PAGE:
While there have been challenges in the past, the people of Urabá have shown resilience and determination in building a brighter future for their region. With continued investment in infrastructure, education, and workforce development, Urabá has the potential to become a leading logistics and agricultural hub in Colombia and the wider region. The recent progress made in the region is a testament to the hard work and dedication of the people of Urabá, and there is every reason to be optimistic about the future of this vibrant and dynamic region.
Understanding the needs of Colombian users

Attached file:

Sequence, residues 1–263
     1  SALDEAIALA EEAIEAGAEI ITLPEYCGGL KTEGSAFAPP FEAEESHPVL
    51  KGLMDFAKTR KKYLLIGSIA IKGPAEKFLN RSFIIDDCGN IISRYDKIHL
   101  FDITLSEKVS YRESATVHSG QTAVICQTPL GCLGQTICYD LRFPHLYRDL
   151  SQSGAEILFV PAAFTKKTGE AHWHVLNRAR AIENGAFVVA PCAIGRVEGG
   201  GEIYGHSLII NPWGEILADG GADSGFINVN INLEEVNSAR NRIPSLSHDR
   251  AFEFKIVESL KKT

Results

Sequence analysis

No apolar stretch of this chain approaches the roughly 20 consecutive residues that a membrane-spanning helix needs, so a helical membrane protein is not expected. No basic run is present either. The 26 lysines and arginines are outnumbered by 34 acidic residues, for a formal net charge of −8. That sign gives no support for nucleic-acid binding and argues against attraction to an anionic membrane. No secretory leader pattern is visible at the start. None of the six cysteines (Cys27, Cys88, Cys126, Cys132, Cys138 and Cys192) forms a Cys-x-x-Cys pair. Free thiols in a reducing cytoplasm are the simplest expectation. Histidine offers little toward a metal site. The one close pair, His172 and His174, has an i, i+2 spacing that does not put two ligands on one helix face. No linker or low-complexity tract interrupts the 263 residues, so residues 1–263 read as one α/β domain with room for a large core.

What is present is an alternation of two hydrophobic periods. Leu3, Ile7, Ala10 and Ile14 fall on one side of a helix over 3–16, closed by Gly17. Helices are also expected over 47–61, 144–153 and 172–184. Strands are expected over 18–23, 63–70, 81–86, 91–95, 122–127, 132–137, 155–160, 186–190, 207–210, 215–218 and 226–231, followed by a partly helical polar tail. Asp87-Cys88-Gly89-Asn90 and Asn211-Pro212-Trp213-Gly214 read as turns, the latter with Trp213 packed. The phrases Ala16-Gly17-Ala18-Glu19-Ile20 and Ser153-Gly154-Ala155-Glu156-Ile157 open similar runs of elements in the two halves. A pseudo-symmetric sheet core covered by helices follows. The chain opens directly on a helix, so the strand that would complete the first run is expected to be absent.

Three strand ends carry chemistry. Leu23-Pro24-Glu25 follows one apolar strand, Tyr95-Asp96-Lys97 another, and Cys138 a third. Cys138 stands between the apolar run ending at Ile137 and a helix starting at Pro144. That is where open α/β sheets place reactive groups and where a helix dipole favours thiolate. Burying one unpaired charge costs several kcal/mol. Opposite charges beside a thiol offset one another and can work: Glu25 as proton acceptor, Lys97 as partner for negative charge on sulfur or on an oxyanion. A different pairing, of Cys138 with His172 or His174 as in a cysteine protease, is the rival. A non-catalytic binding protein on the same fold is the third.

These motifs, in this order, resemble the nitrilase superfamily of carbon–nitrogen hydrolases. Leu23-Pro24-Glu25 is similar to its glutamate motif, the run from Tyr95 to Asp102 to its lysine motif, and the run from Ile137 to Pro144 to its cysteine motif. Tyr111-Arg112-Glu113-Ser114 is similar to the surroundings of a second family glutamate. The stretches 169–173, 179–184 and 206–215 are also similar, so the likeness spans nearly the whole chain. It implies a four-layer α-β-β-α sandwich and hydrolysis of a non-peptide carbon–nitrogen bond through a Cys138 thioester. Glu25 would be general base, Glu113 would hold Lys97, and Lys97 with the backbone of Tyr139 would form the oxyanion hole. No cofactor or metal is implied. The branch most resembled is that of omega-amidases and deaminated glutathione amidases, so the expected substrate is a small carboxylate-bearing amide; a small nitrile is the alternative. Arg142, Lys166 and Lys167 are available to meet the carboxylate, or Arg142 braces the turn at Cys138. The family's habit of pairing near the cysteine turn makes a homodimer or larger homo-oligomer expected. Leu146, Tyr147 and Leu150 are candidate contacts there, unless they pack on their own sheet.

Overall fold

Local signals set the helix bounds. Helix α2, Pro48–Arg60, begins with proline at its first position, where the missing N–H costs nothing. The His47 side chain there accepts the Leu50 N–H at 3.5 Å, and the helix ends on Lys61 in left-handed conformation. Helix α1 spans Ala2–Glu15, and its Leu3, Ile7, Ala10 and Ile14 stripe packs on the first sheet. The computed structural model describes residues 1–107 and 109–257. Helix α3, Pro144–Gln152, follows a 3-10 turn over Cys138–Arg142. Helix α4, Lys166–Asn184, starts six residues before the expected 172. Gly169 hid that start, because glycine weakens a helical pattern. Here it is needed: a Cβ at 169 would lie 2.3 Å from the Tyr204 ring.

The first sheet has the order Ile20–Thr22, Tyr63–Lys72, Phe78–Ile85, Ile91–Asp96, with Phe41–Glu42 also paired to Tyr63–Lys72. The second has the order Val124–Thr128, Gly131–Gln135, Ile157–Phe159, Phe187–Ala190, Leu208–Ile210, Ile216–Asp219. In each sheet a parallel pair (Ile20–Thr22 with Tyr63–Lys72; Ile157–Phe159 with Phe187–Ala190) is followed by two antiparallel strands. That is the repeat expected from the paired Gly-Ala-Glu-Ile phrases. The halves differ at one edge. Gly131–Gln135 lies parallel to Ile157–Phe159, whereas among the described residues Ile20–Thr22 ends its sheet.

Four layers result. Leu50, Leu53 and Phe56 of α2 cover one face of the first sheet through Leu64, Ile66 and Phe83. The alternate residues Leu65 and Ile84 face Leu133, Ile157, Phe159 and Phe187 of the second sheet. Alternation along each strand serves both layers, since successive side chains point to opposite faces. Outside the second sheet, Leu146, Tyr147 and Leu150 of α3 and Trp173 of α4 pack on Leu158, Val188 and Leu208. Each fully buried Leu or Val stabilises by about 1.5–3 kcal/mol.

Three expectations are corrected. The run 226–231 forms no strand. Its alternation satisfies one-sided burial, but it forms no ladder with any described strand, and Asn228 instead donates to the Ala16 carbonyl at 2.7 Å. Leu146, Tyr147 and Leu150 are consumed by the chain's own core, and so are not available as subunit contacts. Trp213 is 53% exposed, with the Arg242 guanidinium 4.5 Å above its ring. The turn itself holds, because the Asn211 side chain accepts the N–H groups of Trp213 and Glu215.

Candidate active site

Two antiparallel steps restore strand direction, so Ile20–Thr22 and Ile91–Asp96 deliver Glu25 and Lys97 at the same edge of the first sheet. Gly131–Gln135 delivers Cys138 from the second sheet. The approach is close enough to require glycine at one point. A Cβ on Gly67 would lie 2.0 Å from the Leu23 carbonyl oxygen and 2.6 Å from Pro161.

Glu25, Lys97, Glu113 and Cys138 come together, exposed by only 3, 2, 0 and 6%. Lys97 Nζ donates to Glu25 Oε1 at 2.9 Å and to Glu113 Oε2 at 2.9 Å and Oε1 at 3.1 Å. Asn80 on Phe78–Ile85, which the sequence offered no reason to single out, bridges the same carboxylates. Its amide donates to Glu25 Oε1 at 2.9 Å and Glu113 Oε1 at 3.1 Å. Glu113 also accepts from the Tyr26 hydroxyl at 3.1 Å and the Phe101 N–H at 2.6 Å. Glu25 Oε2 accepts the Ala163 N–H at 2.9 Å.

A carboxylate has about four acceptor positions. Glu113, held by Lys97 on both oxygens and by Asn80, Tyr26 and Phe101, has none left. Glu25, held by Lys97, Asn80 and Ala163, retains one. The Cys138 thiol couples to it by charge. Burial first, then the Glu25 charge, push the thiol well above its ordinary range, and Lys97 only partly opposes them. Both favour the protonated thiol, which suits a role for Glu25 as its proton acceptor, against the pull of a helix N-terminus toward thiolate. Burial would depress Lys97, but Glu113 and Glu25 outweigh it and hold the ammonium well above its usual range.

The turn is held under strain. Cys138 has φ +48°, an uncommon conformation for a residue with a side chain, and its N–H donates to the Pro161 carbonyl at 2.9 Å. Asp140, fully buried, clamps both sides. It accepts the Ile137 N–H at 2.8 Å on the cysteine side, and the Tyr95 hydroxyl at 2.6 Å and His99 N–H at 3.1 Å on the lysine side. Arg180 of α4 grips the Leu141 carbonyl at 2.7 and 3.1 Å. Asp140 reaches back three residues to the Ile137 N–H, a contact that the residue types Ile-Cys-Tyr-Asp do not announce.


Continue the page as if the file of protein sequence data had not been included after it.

In Medellin the project team was stationed at Bancolombia’s headquarters, where they collaborated with project partners to gain insights into the connectivity needs of different users including the requirements of lead client Bancolombia and their pillars of financial inclusion, competitiveness of the productive base, and sustainable cities and communities, all of which are aligned with UN Sustainable Development goals. During their visit, the project team arranged meetings with diverse stakeholders and potential business partners from around Colombia who could assist in the development of the infrastructure project in the region.